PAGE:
No matter what comes out of the recent lawsuits against Big Pharma, they are not solely responsible for the opioid crisis. Big Pharma represents drug companies who are in the business of supplying the demand for opiates. They seek to satisfy that demand with an effective product. However, the pharmaceutical companies have no control in how that product will be distributed and used. More drug manufacturers are acknowledging the problem with opioids and are attempting to find solutions to deter the opioid crisis. Purdue Pharma, manufacturer of the popular painkiller Oxycontin, issued an open letter stating several suggestions. They admit there are too many prescription opioid pills in people’s medicine cabinets. They support initiatives to limit the length of opioid prescriptions and believe doctors should utilize state Prescription Drug Monitoring Program (PDMP) databases before writing opioid prescriptions, which could prevent abusers from receiving multiple prescriptions from multiple doctors (Purdue Pharma L.P.). Purdue feels that with the right amount of changes to the way opiates are currently handled, they could continue their work manufacturing opiates and still make profits without causing unnecessary harm to the users.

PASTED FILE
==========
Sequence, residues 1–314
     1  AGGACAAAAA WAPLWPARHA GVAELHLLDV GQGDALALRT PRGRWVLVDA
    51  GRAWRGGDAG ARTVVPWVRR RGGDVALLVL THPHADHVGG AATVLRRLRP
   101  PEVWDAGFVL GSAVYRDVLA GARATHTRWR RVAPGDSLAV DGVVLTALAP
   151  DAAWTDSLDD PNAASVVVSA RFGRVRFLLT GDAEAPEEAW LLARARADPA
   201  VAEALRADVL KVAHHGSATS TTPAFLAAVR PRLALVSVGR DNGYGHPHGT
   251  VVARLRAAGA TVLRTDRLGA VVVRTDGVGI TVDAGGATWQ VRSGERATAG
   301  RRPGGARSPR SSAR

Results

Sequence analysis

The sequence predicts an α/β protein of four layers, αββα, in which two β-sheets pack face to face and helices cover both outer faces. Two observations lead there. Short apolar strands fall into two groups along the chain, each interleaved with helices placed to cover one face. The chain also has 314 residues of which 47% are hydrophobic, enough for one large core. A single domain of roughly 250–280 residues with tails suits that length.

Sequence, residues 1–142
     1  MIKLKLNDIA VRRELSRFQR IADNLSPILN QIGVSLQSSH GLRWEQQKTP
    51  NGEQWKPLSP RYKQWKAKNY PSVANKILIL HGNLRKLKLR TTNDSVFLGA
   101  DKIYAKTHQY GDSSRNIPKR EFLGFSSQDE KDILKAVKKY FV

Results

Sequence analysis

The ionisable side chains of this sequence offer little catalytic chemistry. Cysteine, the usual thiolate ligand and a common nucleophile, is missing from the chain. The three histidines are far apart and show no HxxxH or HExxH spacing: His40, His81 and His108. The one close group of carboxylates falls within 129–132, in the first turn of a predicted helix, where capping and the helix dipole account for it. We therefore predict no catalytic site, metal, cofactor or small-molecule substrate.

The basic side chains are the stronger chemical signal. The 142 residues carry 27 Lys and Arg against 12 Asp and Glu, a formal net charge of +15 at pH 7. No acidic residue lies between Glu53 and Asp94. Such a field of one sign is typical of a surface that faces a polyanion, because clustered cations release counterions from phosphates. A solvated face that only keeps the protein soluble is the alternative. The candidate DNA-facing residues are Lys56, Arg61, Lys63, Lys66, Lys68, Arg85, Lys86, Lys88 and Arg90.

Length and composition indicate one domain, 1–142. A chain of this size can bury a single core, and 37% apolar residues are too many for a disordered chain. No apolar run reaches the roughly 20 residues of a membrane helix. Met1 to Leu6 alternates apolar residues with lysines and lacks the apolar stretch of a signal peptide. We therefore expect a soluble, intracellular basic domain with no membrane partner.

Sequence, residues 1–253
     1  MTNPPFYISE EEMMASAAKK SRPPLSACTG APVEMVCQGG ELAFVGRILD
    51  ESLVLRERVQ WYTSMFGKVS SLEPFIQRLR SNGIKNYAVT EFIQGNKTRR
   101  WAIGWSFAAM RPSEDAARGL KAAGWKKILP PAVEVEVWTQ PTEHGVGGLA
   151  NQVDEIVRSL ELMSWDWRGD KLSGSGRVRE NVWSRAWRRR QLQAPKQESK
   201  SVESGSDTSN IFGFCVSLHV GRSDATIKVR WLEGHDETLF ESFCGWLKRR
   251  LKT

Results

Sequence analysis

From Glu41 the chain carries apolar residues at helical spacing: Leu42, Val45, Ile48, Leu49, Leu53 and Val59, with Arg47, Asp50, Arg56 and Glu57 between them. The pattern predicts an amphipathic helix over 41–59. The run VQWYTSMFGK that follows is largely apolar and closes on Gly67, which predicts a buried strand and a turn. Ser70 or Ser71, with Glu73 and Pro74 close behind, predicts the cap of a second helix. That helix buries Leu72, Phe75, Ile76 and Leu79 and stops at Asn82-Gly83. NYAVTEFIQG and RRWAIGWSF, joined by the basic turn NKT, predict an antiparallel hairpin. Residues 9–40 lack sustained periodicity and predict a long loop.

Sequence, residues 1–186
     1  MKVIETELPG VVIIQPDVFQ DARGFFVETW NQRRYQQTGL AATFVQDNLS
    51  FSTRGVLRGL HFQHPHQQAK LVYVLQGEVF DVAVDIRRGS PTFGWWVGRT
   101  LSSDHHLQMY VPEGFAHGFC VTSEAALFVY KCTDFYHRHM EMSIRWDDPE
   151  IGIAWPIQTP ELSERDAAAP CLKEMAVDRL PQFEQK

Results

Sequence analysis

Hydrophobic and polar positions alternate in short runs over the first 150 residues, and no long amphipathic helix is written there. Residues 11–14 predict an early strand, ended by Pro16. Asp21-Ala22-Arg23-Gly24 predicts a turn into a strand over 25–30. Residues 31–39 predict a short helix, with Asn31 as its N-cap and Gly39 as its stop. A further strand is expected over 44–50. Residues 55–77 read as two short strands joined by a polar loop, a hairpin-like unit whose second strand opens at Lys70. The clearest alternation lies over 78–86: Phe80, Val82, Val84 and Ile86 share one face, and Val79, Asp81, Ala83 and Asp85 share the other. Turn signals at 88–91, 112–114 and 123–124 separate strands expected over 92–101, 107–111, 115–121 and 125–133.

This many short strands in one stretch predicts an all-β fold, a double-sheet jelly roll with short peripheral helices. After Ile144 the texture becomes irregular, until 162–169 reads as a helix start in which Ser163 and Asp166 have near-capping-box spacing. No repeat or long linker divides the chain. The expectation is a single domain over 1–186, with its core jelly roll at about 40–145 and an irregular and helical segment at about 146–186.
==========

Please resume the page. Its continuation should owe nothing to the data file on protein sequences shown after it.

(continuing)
Though users are starting to acknowledge that the long-term use of prescription pain medication is potentially dangerous, they believe they still need opioid pain medication to work and function. But with the changes being implemented by the Center for Disease Control’s (CDC) guidelines and the Food and Drug Administration’s (FDA) new plan to stem the opioid crisis, many users are worried they won’t be able to obtain their medications. Users believe they are being forced to suffer unfairly for something that has nothing to do with their legitimate pain issues (Graedon). They do not feel that everyone should be punished for the actions of addicts. Whether opiates are available to them or not, they will still have pain and therefore be unable to function and live the way in which they are accustomed. Understandably, this has made the users quite anxious about their future.